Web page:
sandblasted steel 'tin' lid with beads, pre firing. Anamika
Anamika firing the 'lid'
Waiting patiently...

Until coming to enamelling, her works hadn’t really involved metalworking, so seeing how she engages with this material has been really interesting and instructive. I keep telling her she’d make a great jeweller as so many of her pieces remind me of jewellery. Lucky there are some magnets around the place to prove it!

Contrasting works - the piece on the left has has red beads fired into the holes while white and red with a backing coat of white enamel is the treatment of the piece on the right.
Light through the work - she refired the piece to fully cover all the holes
Anamika models her latest work. It's totally jewellery!
Or stained glass... Anamika 2011

I actually get up to some work myself. I have ground down the soil/rust that I shook of the washers yesterday and ‘glued’ it with white enamel onto some grip-coated washers. This is a first coat, later I add another to cover the dark patches. Even then, I’m unconvinced…

ground sand on washers - first layer
the sand + the washers

This is my attempt at drawing on a mug with an ink pen. After drawing the image I had planned to stick sifted enamel onto the ‘wet’ (or at least still tacky) ink. My new calligraphy pen is a bust however, so I’ll probably use a transfer instead.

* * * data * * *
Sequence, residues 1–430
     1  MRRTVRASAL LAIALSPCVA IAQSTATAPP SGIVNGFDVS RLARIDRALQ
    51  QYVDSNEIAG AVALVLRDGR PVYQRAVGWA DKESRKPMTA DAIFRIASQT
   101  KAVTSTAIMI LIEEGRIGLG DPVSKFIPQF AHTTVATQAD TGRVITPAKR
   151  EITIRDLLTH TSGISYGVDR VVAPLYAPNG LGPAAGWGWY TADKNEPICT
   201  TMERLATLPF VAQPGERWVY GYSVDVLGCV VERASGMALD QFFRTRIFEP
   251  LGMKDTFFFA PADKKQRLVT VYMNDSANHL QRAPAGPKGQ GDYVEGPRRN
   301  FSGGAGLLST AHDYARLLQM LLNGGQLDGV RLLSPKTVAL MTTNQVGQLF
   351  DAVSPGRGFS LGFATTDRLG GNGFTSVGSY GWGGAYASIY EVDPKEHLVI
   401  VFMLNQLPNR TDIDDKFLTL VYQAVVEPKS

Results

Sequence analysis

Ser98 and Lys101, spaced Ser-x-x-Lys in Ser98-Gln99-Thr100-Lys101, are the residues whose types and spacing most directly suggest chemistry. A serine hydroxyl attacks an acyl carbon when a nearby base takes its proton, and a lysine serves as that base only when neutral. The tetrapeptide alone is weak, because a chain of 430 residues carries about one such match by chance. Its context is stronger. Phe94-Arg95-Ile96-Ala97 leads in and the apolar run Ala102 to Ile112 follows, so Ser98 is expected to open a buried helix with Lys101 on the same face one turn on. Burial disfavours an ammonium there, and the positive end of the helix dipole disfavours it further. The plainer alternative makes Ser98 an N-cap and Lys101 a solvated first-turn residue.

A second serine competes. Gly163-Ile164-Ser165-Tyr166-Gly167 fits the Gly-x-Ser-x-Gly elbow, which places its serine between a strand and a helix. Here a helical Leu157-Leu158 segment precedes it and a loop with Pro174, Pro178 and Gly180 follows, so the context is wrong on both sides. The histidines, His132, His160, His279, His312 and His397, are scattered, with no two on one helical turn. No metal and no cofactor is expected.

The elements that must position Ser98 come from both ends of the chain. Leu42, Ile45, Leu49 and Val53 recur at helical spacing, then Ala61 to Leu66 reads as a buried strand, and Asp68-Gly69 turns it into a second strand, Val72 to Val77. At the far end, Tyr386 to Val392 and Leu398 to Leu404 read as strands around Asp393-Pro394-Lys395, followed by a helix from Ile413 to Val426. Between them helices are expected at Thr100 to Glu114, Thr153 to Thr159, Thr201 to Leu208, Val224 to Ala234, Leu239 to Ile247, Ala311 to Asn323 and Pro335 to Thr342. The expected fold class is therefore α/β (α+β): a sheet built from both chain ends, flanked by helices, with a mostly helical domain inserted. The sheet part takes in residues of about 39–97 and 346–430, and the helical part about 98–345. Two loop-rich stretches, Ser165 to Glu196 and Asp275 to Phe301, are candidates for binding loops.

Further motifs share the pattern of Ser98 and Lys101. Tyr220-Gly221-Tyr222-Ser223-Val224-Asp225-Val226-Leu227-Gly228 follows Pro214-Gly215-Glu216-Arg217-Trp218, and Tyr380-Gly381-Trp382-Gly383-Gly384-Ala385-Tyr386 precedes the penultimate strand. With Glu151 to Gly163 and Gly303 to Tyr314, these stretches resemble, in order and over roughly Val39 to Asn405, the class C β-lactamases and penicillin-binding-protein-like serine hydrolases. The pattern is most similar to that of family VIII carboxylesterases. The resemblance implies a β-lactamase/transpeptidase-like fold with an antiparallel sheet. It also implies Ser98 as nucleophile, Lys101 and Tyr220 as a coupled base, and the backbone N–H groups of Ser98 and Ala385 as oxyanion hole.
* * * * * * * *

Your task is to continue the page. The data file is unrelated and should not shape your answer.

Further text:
Ugly Mug - an inappropriate choice of process leaves me with another flop...

And in a photographic mood, I document a couple of studio happenings; first, the liquid enamels setup. There is a permanent container of opaque black, transparent and opaque white enamels in the studio. They are constantly in use.

Studio setup - three liquid enamels, sunning themselves!

And here’s a tip for enamellers: pop a couple of 20p coins (we were short on 20’s, so there ended up being a 2 and a 10) into your sifting enamel if it has a lot of lumps in it. It breaks them down as you sift, meaning no grinding first!

Tips for enamellers: part 1 - currency helps...

Day 11

Big day for observation. First, crossing from Spike Island back to the mainland, an old railway bridge.

View Map

Next, my hunting ground for fallen washers:

On first viewing it may not look like an area rich in creative resources. It took me a week of walking to pick up on it…

Can you see them?

In the wild…

still clinging on…

Then, once I finally got into the studio, the lovely Em was having some panels fired by Elizabeth.

Elizabeth is the only person ‘licensed to drive’ the kiln. In the background there are many examples of enamelled signs.

Em controls the opening of the kiln behind Elizabeth. Firing this beast is a two person job.

Elizabeth gets the lift out of the way pretty quick smart, and the door is closed, for around four minutes, depending on the enamel type, the substrate and the coverage/thickness of the layer.

The mother of all extraction units covers most of the ceiling of this small room.

Then to impress the tourist, they turned out the lights for the removal of the panels: